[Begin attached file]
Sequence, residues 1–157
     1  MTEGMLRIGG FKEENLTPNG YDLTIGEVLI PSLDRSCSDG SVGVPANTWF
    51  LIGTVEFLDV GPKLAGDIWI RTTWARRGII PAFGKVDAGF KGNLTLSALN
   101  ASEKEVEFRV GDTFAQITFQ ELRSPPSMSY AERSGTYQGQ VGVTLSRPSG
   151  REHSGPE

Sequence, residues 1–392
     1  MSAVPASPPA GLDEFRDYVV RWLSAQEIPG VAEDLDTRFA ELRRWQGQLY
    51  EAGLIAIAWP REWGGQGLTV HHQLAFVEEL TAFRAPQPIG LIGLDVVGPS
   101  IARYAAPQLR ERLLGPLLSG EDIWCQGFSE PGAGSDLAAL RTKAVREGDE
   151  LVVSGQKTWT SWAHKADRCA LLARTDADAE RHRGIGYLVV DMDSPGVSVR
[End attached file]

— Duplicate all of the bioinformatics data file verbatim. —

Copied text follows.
Sequence, residues 1–157
     1  MTEGMLRIGG FKEENLTPNG YDLTIGEVLI PSLDRSCSDG SVGVPANTWF
    51  LIGTVEFLDV GPKLAGDIWI RTTWARRGII PAFGKVDAGF KGNLTLSALN
   101  ASEKEVEFRV GDTFAQITFQ ELRSPPSMSY AERSGTYQGQ VGVTLSRPSG
   151  REHSGPE

Sequence, residues 1–392
     1  MSAVPASPPA GLDEFRDYVV RWLSAQEIPG VAEDLDTRFA ELRRWQGQLY
    51  EAGLIAIAWP REWGGQGLTV HHQLAFVEEL TAFRAPQPIG LIGLDVVGPS
   101  IARYAAPQLR ERLLGPLLSG EDIWCQGFSE PGAGSDLAAL RTKAVREGDE
   151  LVVSGQKTWT SWAHKADRCA LLARTDADAE RHRGIGYLVV DMDSPGVSVR